European Trade Deal Unlikely, says Time
The Transatlantic Trade and Investment Partnership (TTIP), currently being negotiated between the United States and the European Union, likely won’t happen, says Time magazine in its May 16 issue.
That’s because European opponents fear such an agreement would weaken EU environmental and safety standards, most notably its “precautionary principal” which requires much tougher proof that new compounds won’t cause harm. Even if a trade deal is reached, it must be approved by both the U.S. Congress and parliaments of the 28 EU members. Given the anti-trade rhetoric in both the U.S. and Europe, gaining passage would be difficult.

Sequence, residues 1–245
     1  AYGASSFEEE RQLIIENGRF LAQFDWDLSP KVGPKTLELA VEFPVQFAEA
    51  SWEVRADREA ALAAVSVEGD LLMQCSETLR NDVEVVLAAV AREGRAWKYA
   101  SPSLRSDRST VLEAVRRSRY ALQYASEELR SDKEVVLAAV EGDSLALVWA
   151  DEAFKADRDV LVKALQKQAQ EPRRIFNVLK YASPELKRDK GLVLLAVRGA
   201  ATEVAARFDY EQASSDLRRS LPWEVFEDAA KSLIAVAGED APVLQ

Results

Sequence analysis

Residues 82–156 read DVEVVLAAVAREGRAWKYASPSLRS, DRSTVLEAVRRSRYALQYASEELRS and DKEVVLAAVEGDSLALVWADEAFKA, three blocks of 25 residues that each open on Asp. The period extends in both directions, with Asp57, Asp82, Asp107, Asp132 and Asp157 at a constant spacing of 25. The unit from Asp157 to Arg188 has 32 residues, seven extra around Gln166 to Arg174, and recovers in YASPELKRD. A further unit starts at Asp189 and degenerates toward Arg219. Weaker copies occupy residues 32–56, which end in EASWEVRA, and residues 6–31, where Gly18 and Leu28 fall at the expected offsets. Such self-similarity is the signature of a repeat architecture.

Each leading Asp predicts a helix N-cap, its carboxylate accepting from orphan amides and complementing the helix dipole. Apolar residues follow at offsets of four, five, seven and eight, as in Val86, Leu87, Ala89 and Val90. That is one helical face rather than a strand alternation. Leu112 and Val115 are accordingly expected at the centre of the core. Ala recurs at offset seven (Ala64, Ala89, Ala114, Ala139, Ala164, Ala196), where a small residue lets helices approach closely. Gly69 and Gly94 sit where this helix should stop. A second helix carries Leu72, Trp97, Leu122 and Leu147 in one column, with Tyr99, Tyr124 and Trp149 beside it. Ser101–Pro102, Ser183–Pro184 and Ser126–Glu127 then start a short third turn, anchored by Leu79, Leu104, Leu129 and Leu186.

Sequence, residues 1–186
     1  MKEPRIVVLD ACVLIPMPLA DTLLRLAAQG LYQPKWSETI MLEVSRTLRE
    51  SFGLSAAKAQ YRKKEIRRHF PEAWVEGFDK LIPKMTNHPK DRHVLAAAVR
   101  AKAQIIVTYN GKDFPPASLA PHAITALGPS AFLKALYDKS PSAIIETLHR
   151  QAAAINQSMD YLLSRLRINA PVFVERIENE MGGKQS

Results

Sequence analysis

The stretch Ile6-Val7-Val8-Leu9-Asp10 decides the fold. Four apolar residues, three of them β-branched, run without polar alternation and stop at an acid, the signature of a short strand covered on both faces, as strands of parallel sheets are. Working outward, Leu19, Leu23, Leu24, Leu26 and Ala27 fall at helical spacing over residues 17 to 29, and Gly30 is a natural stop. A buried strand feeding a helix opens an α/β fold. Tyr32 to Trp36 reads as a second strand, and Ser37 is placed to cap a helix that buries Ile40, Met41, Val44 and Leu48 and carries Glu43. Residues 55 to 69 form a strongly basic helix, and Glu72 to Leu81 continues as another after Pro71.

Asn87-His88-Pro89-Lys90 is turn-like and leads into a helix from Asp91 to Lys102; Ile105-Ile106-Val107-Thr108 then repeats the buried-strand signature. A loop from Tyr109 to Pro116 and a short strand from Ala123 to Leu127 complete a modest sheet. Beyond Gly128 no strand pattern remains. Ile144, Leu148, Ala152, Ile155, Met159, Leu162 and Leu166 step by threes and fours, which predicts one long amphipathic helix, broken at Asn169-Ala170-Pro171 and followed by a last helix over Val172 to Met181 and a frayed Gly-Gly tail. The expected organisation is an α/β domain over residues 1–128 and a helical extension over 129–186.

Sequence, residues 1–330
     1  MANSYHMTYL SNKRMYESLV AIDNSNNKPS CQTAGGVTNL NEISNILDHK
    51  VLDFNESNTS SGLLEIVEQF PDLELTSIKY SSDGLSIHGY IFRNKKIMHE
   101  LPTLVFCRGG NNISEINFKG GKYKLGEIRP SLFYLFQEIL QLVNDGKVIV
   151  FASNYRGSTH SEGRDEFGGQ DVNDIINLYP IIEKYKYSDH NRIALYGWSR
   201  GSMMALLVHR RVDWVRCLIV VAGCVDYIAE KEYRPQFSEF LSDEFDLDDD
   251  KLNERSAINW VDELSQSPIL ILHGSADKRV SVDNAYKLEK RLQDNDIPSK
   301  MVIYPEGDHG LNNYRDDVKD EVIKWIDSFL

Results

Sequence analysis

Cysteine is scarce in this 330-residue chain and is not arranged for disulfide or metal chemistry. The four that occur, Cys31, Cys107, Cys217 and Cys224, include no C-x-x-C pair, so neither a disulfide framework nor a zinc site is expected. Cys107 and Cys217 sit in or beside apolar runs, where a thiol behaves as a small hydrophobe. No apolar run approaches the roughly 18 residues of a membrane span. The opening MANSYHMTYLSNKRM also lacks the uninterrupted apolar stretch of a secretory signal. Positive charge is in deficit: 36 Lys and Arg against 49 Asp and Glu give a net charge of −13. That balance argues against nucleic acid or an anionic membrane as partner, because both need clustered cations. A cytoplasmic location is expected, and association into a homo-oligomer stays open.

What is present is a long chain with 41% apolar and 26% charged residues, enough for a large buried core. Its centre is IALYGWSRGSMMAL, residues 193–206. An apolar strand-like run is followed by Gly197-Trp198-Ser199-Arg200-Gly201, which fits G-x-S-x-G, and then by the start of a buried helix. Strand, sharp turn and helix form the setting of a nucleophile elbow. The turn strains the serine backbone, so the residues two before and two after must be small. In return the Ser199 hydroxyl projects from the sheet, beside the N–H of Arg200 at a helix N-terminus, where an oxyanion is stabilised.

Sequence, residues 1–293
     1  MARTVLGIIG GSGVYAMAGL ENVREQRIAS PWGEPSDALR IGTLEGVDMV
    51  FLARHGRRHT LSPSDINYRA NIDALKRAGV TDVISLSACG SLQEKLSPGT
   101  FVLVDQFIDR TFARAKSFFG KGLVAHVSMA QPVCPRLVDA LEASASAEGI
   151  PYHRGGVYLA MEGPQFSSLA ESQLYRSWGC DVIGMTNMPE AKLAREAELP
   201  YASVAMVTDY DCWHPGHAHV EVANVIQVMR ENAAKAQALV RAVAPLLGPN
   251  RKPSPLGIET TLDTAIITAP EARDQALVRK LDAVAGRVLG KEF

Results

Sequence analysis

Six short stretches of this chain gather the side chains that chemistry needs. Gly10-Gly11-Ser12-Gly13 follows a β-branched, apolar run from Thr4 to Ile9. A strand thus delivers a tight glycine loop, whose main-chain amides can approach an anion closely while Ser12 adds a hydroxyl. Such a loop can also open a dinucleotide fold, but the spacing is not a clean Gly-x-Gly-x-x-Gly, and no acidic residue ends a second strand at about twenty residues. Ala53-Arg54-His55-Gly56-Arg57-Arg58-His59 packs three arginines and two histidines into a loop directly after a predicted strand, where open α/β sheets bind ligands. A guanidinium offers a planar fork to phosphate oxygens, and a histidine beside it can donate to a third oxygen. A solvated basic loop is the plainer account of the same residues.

The National Milk Producers Federation and the U.S. Dairy Export Council have also warned against passage of the TTIP, particularly if it would continue to allow “geographical indicators” (GIs) to remain in place. These GIs prohibit the use of common food names, such as parmesan, outside the region they were originally produced.
Time magazine does predict the Trans Pacific Partnership, negotiated among the U.S., Canada and 10 Pacific Rim nations will likely be ratified after the U.S. presidential election in November and before the new Congress is seated in 2017.